Someone should write a musical about Australia’s recent parliamentary #burqagate. Hell, I might even write it myself. It would be an all-singing, all-dancing cabaret, featuring burqas, beehives, budgie-smugglers and blue ties galore. I even have the perfect title for it.

Or at least, I would have the perfect title for it, if Pakistani playwright and theatre director Shahid Nadeem had not thought of it first. BurqaVaganza, performed by Nadeem’s Ajoka theatre company in Lahore, was banned by the Pakistani authorities in 2010 for allegedly “polluting young minds”. Ajoka ran into trouble after Raheel Qazi — the leader of the conservative Islamist Jamaat-e-Islami women’s wing — wrote a letter to the Pakistan National Council of the Arts complaining that their play promoted “dangerous elitist and liberal ideas”. Qazi never saw BurqaVaganza herself, but its title and the fact that it featured men and women dancing around in burqas was more than enough to raise her suspicions.

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Ajoka circumvented the ban by scheduling a different play, only to have director (and Nadeem’s wife) Madeeha Gauhar appear onstage to announce the company’s “determination to make its voice heard” by performing BurqaVaganza instead. The play has since been performed around the world and is still available on YouTube … except in Pakistan, where YouTube is blocked in order to restrict access to “blasphemous materials”.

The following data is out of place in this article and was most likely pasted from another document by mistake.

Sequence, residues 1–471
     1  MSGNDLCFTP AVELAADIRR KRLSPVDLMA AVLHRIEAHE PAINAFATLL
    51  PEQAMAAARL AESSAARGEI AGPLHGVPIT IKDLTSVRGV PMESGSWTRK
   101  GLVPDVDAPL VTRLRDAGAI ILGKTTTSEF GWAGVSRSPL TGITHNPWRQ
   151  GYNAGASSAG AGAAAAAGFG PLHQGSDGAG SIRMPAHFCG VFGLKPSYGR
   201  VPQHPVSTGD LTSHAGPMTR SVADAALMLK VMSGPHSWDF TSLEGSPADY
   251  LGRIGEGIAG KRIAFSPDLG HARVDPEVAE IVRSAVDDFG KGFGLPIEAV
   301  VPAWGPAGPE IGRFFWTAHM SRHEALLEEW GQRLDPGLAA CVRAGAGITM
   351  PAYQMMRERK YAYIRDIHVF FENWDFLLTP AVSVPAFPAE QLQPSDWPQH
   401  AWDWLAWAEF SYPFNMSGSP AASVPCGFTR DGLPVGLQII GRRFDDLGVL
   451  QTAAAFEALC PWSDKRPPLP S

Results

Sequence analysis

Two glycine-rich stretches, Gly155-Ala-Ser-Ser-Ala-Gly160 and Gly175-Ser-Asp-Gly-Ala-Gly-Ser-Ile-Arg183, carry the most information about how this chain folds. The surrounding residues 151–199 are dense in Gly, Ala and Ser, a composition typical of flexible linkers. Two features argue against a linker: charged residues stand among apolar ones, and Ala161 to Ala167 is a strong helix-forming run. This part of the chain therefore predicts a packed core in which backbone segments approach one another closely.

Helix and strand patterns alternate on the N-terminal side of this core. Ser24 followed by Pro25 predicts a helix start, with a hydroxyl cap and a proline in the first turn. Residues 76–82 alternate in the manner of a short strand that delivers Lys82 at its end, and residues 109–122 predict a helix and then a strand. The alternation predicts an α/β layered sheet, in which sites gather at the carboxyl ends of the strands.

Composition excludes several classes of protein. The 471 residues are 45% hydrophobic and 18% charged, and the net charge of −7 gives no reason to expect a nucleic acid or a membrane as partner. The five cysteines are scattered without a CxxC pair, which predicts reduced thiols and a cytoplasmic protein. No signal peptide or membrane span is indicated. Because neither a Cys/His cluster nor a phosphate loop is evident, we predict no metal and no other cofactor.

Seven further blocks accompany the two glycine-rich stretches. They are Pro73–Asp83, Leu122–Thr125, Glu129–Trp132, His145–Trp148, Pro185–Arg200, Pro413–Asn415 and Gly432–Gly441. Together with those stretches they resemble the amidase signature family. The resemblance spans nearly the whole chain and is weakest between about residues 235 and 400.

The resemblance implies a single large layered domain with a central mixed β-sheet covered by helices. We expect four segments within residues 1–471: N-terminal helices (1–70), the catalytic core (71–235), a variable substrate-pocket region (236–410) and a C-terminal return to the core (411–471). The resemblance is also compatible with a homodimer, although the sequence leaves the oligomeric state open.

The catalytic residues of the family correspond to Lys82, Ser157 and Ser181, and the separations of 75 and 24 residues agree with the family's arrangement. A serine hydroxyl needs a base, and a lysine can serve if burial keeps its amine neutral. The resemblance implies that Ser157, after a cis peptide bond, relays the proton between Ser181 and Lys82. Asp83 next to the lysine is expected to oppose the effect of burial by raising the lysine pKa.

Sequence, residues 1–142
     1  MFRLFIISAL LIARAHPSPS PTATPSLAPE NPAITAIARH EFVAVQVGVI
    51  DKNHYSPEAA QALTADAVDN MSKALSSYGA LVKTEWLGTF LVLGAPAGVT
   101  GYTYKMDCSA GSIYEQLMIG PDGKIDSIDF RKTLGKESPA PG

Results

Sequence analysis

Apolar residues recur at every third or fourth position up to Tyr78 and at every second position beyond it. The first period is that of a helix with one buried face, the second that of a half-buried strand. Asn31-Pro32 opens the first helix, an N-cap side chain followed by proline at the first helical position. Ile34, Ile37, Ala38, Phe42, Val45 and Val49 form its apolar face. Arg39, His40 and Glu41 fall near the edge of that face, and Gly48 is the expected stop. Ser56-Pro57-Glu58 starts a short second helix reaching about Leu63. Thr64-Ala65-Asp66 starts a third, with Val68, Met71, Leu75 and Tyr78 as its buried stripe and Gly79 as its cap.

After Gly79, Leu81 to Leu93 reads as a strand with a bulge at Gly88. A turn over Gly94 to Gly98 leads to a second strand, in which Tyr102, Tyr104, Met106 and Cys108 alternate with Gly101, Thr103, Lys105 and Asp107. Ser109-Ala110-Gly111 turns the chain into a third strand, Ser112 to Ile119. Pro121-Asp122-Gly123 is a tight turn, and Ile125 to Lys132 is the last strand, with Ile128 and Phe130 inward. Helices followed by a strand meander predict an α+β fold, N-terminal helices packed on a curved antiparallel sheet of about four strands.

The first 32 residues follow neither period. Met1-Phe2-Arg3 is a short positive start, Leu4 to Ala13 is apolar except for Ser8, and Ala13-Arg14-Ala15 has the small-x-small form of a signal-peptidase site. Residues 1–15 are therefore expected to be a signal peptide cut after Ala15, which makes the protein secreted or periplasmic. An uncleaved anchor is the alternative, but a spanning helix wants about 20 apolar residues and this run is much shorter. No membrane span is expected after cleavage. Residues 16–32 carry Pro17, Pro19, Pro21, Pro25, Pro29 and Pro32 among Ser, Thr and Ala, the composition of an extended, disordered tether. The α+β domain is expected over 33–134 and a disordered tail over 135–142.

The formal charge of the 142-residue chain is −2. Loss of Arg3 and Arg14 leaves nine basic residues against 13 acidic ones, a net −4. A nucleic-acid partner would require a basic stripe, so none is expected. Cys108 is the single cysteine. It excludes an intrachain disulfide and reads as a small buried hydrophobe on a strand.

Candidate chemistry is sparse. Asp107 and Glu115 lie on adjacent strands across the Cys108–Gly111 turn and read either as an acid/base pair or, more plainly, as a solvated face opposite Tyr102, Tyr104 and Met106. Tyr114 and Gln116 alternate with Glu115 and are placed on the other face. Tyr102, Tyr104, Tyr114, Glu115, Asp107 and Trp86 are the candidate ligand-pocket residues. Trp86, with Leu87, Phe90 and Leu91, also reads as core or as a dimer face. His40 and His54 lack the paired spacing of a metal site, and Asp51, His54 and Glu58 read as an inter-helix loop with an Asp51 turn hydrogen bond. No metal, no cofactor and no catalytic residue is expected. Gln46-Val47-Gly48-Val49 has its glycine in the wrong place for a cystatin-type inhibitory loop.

I met Shahid Nadeem and Madeeha Gauhar at their home in Lahore last year to talk about politics, religion, free speech and, of course, burqas. Both women’s rights and freedom of expression have become contested tokens in the ongoing game of one-upmanship between Muslim and Western cultural warriors. Dissidents like Nadeem and Gauhar are regarded as evidence of support from “their” side of the border for “our” way of seeing the world. However, BurqaVaganza is not a Jacqui Lambie-style attack upon burqa-wearing women. As Nadeem explained, his play uses veiling as a device for asking broader questions about national and international politics — and having fun while doing so.

“The play was not offensive to any religion. It was a fun play about the cover-ups in society. If everyone wore a burqa, how would the world look? We had Ku Klux Klan burqas, American Marine burqas, we had American astronauts conquering the moon — these were all shown as different types of burqas,” he said.

“Then we had various personalities from the national or international scene. Asif Zardari, Sonia Gandhi, George Bush, Tony Blair — they were all there. When you lift their veil, you saw the mask which the actors were wearing. We are not making fun of the burqa. We are just saying, ‘Let’s have some fun and look at ourselves and be self-critical’.”

Our conversation took place before the murders of the Charlie Hebdo journalists catapulted the issue of Islam and freedom of expression to the top of the global news agenda. It’s an issue that has seldom been out of the headlines in Pakistan, and it has dominated Nadeem’s career as a human rights activist and writer since the outset of his career in the 1960s. However, the contours of the struggle have shifted over time.